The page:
Astronomical Poems

The Dachshunds, by William Jay Smith

The Dachshund leads a quiet life 
Not far above the ground;

He takes an elongated wife, 
They travel all around.

They leave the lighted metropole; 
Nor turn to look behind 
Upon the headlands of the soul, 
The tundras of the mind.

They climb together through the dusk 
To ask the Lost-and-Found 
For information on the stars 
Not far above the ground.

The Dachshunds seem to journey on: 
And following them, I 
Take up my monocle, the Moon, 
And gaze into the sky.

Pursuing them with comic art 
Beyond the cosmic goal, 
I see the whole within the part, 
The part within the whole;

See planets wheeling overhead, 
Mysterious and slow, 
While morning buckles on his red, 
And on the Dachshunds go.

 

Mother Goose's Garland, by Archibald MacLeish

Around, around the sun we go:
The moon goes round the earth.
We do not die of death:
We die of vertigo.

 

Escape at Bedtime, by Robert Louis Stevenson

The lights from the parlour and kitchen shone out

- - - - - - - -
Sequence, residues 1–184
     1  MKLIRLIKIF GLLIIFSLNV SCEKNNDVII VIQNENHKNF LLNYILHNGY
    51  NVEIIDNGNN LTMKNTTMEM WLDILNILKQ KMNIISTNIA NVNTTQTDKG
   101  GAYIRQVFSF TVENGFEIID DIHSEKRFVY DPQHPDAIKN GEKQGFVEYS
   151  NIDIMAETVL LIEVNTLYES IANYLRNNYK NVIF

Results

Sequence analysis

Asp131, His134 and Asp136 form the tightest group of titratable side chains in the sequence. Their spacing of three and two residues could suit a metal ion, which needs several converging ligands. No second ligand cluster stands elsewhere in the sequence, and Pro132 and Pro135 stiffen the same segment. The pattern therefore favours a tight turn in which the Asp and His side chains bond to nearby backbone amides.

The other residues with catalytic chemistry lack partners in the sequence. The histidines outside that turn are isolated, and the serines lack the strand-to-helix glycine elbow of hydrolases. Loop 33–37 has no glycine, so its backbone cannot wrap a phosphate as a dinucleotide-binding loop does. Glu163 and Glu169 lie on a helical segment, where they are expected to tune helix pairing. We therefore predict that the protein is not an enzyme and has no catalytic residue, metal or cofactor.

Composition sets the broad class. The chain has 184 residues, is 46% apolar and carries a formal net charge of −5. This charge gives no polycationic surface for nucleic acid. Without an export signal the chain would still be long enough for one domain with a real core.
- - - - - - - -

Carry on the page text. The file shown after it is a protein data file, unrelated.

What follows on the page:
Through the blinds and the windows and bars;
And high overhead and all moving about,
There were thousands of millions of stars.
There ne'er were such thousands of leaves on a tree
Nor of people in church or the Park,
As the crowds of the stars that looked down upon me,
And that glittered and winked in the dark.

The Dog, and the Plough, and the Hunter, and all,
And the star of the sailor, and Mars,
These shone in the sky, and the pail by the wall
Would be half full of water and stars.
They saw me at last, and they chased me with cries,
And they soon had me packed into bed;
But the glory kept shining and bright in my eyes,
And the stars going round in my head.

 

Reason Has Moons, BY Ralph Hodgeson

Reason has moons, but moons not hers,
Lie mirror'd on her sea,
Confounding her astronomers,
But O! delighting me.

 

The Rabbitt's Song Outside the Tavern, by Elizabeth Coatsworth

We, who play under the pines,
We, who dance in the snow
That shines blue in the light of the moon,
Sometimes halt as we go-
Stand with our ears erect,
Our noses testing the air,
To gaze at the golden world
Behind the windows there.

Suns they have in a cave,
Stars, each on a tall white stem,
And the thought of a fox or an owl
Seems never to trouble them.
They laugh and eat and are warm,
Their food is ready at hand,
While hungry out in the cold
We little rabbits stand.

But they never dance as we dance!
They haven't the speed nor the grace.
We scorn the dog and the cat 
Who lie by their fireplace.
We scorn them licking their paws
Their eyes on an upraised spoon-
We who dance hungry and wild
Under a winter's moon.

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